Amidst the news cycle focusing on the government shutdown, there is some other action in the House of Representatives that recently caught our eye.
The House recently passed a bill called the “Expanding Contracting Opportunities for Small Businesses Act of 2019.” If the bill becomes law, we will see a dramatic expansion in the size of sole source contracts for SDVOSBs, WOSBs, and HUBZones.
While most of the rules for SDVOSB eligibility now reside with the SBA, the VA is still responsible for verification of entities for inclusion into its database of verified SDVOSBs and VOSBs. A recent Court of Federal Claims case describes what sort of conduct might get a business removed from the VA’s database–even if that conduct doesn’t run afoul of the SBA’s SDVOSB rule.
While the conduct in this case is somewhat egregious, it is a good reminder that VA has the power to thoroughly investigate the eligibility of an SDVOSB and can revoke the verified status based on inaccurate statements in an application.
In a recent decision, GAO determined an agency could reasonably amend a solicitation for a task order issued under a set-side base contract to require offerors to recertify their size and SDVOSB status at the task order level.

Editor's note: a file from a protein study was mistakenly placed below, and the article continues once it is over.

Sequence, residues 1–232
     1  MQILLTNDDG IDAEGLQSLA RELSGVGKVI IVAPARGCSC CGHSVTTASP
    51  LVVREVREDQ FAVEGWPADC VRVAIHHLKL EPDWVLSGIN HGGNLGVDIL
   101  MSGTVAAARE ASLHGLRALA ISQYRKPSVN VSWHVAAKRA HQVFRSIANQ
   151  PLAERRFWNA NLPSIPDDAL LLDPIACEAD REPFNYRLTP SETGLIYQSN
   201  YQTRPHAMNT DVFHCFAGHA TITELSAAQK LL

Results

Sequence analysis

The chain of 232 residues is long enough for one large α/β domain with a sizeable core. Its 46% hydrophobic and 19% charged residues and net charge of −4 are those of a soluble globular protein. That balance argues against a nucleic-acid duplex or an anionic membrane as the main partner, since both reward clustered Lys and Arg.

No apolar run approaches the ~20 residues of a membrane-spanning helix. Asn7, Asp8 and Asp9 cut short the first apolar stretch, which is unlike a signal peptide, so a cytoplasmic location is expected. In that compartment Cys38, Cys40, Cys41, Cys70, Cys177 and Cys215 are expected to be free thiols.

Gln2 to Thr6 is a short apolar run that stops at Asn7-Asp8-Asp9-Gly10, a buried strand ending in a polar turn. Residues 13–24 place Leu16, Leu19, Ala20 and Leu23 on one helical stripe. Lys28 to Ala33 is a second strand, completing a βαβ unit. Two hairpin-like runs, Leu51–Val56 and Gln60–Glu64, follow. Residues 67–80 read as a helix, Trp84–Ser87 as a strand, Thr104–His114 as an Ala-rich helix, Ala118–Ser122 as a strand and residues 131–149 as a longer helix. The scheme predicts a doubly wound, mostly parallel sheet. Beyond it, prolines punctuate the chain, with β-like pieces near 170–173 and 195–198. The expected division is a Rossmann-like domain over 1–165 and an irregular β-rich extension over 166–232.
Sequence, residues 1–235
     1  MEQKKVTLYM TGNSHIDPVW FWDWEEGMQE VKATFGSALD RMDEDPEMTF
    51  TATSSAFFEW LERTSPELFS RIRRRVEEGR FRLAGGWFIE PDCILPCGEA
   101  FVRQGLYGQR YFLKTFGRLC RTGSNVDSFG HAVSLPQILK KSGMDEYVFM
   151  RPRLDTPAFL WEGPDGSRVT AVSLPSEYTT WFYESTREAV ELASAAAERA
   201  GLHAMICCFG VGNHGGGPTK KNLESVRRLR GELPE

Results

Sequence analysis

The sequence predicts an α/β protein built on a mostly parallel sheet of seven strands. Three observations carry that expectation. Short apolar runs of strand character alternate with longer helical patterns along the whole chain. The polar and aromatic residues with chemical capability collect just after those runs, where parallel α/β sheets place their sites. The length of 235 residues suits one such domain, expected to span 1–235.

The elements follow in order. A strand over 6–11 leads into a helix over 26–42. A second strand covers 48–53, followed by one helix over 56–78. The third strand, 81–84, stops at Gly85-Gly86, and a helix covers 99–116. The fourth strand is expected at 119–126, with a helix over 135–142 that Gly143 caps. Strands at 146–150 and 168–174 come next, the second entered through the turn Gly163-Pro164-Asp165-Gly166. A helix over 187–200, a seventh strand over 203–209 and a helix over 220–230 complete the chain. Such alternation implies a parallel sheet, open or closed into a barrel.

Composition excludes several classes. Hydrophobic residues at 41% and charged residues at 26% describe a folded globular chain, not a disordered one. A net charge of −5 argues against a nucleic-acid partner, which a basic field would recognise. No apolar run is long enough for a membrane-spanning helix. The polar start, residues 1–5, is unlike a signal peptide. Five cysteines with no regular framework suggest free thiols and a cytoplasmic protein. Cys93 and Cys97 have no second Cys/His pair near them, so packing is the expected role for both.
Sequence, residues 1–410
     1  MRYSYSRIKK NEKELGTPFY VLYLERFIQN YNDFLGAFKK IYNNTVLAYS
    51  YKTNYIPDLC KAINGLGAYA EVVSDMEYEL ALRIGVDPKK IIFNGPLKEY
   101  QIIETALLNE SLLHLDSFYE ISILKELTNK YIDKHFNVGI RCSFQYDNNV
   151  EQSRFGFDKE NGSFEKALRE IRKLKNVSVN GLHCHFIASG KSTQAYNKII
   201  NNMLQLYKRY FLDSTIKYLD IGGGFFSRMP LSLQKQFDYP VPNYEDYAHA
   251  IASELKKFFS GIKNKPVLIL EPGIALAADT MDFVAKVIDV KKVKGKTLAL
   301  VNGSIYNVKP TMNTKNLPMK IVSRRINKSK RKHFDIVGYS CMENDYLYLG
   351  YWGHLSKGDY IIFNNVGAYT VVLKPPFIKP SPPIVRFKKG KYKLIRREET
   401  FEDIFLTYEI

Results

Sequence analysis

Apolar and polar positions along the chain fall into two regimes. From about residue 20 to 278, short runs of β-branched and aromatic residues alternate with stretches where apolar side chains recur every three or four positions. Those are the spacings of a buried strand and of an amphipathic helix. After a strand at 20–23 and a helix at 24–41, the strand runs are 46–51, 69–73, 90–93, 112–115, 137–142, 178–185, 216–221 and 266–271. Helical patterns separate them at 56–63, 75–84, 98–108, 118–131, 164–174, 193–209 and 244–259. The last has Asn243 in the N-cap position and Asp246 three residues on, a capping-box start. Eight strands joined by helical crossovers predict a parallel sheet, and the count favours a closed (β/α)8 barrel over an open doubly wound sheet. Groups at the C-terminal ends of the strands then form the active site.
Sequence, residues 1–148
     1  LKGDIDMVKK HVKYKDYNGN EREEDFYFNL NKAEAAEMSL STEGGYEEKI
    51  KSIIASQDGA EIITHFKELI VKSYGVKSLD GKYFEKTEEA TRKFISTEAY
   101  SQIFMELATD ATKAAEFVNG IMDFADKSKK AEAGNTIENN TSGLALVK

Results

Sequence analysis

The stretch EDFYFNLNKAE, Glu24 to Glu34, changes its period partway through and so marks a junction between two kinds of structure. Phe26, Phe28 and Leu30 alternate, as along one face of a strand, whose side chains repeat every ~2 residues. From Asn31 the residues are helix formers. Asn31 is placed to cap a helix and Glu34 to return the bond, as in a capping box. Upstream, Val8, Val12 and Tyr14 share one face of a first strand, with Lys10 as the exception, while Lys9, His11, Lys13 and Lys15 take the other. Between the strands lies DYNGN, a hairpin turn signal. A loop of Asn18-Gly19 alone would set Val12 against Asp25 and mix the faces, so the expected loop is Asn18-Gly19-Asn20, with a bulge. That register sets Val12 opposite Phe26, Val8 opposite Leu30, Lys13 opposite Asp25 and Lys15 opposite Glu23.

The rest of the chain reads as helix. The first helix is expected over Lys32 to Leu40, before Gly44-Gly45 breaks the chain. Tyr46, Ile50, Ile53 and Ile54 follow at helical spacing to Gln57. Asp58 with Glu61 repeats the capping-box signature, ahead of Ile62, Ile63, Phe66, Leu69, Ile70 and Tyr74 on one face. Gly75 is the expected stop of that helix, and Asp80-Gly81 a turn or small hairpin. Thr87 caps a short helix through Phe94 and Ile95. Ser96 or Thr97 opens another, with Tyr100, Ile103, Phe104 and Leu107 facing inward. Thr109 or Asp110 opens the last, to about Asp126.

As we’ve written about on the blog, SDVOSB regulations were consolidated under the SBA’s rules beginning October 1, 2018, and those changes included some good and bad changes. We recently noticed a single letter in one of the changes that, while most likely a typo, could potentially affect the meaning of one part of the new regulation.
The Small Business Administration Office of Hearings and Appeals has denied a protest of the service-disabled veteran-owned small business status of a company seeking to perform work for the U.S. Department of Veterans Affairs.
The decision was not particularly controversial or otherwise notable in and of itself. What is notable is that this was the first VA-status SDVOSB protest decision ever issued by OHA.
I’ve long predicted that Congress would eventually adopt a formal, Government-wide SDVOSB certification program (or “verification” program, if you prefer). Maybe my crystal ball is finally right. As my colleague Matt Schoonover wrote last week, a new bill introduced in the House of Representatives would do just that.
The full text of the bill has now been published. Here are some of the key details of the Government-wide SDVOSB certification proposal.
SmallGovCon readers know that the federal government currently operates two SDVOSB socio-economic designations: a VA-specific program (that requires the business to be verified by the VA’s Center for Verification and Evaluation), and a program through the SBA (that allows the business to self-certify).